Berryville council returns to City Hall

Tuesday, April 27, 2021

The Berryville City Council made a move toward normalcy Tuesday, April 20, returning to holding its regular meetings at City Hall instead of the Berryville Community Center.

Mayor Tim McKinney said it was good to be back.

“It felt good,” McKinney said. “The place feels like home.”

It was the first meeting held at City Hall — the former home of famed sharpshooter and Wild West showman Col. C. Burton “Buck” Saunders, who donated it to the city and willed land and property for the construction of the city’s Saunders Museum, which houses one of the largest collection of rare firearms in the country. The museum opened for the season on April 15.

Tuesday’s meeting was the first held in the council’s usual meeting room in more than 12 months, when the decision was made to temporarily hold meetings in a larger space at the community center to provide room for social distancing during the COVID-19 pandemic.

In other business, the council voted to approve a request for two additional streetlights in the West Ridge Subdivision.

The two new lights, requested by developer Bill Hudspeth, will be located in the newly opened phase of the subdivision.

“He’s got a new street open down there and I think this’ll be about the same as other street lights in the subdivision,” McKinney said. “They’ll be spaced out about the same and [the existing lights] look real good.”

As per the initial agreement between the developer — West Family, LLC — and the city, the developer will purchase the light poles and fixtures and be responsible for maintenance, while the city will be responsible for the electricity usage.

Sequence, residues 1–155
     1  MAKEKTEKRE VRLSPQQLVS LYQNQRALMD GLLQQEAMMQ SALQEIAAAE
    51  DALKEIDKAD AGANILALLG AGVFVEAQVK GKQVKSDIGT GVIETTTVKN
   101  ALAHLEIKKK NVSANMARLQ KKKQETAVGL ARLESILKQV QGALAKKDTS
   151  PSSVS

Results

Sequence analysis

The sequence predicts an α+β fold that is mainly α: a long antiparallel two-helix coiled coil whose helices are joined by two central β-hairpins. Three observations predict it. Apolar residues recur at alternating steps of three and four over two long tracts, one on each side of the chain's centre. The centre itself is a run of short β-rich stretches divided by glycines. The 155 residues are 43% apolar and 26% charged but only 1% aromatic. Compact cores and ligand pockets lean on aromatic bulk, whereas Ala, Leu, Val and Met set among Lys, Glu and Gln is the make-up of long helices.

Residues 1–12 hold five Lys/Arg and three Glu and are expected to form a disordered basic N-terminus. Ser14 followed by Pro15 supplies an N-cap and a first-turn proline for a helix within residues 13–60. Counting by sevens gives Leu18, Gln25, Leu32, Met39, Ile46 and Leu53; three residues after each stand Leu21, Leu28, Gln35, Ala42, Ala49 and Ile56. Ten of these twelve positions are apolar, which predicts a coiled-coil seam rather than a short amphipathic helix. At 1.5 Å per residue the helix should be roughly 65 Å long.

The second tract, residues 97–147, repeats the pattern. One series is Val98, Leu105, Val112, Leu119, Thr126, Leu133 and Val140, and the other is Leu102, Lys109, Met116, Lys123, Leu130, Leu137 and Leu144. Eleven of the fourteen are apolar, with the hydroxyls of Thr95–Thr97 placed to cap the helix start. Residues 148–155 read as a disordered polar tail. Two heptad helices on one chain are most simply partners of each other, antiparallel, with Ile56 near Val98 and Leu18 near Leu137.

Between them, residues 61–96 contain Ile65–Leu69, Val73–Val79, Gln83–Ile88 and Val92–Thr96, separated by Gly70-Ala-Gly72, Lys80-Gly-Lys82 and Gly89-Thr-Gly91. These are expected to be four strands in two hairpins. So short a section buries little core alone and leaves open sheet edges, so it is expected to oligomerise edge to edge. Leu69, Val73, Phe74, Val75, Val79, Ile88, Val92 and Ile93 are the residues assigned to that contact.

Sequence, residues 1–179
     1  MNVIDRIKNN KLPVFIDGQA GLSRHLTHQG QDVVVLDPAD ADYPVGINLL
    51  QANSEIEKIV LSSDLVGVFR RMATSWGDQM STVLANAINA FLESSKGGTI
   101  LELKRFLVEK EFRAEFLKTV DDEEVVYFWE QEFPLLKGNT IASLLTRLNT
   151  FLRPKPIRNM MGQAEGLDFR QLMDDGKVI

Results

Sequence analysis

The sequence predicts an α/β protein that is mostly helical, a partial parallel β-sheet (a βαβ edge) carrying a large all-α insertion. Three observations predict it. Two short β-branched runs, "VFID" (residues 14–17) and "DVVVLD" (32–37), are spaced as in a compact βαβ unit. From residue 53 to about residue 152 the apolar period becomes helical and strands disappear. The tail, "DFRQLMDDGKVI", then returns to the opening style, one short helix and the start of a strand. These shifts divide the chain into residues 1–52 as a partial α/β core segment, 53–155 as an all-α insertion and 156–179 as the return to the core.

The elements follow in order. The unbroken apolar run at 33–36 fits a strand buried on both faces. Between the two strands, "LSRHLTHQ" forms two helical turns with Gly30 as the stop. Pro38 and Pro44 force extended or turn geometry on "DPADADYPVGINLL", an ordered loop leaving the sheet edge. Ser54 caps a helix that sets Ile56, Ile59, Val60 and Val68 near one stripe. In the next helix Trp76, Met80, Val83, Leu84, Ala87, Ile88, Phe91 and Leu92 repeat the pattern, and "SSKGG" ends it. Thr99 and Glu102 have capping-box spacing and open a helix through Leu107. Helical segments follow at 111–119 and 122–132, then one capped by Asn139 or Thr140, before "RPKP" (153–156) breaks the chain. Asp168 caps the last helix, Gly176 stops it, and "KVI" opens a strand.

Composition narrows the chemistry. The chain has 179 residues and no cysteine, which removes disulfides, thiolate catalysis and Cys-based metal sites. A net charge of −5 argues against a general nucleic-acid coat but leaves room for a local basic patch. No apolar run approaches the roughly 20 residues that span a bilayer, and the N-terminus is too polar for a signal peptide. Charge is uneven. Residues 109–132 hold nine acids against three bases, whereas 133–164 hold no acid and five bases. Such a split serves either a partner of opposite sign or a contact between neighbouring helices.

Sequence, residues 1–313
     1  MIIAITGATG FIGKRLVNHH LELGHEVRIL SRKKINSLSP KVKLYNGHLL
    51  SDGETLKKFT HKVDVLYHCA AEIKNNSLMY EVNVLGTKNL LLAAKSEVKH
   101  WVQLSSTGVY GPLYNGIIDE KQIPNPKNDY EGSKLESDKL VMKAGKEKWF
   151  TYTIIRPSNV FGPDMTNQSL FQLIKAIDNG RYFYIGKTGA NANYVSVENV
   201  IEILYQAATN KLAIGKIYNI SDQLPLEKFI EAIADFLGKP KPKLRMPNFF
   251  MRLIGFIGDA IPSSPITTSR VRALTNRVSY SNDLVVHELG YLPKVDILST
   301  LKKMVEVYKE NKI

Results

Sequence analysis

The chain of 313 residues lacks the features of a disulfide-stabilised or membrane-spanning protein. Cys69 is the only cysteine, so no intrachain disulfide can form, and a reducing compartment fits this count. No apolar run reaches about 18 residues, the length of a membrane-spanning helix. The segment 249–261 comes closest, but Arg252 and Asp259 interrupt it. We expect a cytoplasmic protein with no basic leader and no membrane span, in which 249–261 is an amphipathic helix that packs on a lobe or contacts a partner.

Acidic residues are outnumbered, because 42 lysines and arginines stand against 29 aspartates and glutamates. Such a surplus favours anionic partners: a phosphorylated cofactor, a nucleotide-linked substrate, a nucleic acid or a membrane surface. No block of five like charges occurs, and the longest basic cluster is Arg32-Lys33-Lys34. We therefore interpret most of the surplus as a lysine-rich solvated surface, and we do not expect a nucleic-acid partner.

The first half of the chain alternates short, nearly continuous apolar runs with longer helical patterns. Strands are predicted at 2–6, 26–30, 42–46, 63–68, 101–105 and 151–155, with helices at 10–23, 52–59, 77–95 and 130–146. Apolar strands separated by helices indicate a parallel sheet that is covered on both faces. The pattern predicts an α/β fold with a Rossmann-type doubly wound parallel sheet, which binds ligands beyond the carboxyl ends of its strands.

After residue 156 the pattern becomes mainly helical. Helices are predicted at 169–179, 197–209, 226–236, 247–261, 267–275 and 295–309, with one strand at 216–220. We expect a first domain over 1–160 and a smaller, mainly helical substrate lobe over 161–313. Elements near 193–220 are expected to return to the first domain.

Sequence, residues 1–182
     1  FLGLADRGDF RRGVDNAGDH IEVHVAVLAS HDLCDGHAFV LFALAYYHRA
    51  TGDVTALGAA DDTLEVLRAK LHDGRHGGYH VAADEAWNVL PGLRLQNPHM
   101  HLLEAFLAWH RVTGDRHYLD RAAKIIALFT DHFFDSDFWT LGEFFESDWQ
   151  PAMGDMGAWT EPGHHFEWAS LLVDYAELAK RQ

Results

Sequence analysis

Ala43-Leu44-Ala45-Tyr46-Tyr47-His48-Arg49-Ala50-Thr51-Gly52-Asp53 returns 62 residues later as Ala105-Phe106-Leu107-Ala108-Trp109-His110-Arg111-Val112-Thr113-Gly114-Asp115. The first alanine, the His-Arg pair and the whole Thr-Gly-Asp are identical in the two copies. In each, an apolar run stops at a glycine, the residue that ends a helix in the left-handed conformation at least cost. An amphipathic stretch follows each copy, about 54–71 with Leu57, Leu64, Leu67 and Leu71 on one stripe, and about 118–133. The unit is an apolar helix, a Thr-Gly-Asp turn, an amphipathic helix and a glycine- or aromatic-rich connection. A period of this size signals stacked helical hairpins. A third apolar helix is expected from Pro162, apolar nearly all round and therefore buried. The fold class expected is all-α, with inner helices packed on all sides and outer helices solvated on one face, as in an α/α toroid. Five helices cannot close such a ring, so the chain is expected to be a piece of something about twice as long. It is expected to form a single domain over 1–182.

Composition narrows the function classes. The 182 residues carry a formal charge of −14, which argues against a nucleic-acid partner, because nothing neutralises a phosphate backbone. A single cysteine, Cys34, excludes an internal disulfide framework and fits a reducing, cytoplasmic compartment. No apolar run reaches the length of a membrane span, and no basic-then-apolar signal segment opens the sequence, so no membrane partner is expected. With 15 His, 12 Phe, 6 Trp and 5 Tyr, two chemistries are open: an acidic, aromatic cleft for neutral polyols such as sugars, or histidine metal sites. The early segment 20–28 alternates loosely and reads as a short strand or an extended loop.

The council also heard from Berryville Police Chief Robert Bartos, who delivered his department’s monthly report.

According to Bartos, city police issued 97 citations in March, up from 80 a year ago, and investigated 79 offenses, up from 72 this time last year. The department’s clearance rate, Bartos said, was 83 percent.

The department took in $1,445 in fines and bonds and responded to 13 traffic accidents, down from 15 last year.

During the mayor’s report, McKinney advised council members that work on the planned downtown square renovations — particularly the removal of a number of trees — will begin soon.

“We’re continuing to get ready to start the renovations on the square,” McKinney said. “We’ve been working with the Arkansas Forestry Commission and different ones about the trees up there.”

McKinney said that, based on consultations with an arborist and the state forestry commission, the decision was made to remove and replace some of them.

“There are going to be some trees removed, some of the ashes with ash borer disease, and they’re growing into the oak trees,” McKinney said. “Some of those maples are already dead and others are dying.”

McKinney said the oak trees on the four corners are all in good shape and will remain.

“The trees we take out, we’re going to replace with ornamental trees and smaller trees,” McKinney said.

In addition, McKinney said, workers were scheduled to begin installing underground electric lines on the weekend of April 24-25. The underground lines will eliminate the electric poles on the square.

The council’s next meeting is scheduled for 6 p.m. on Tuesday, May 4, at City Hall.

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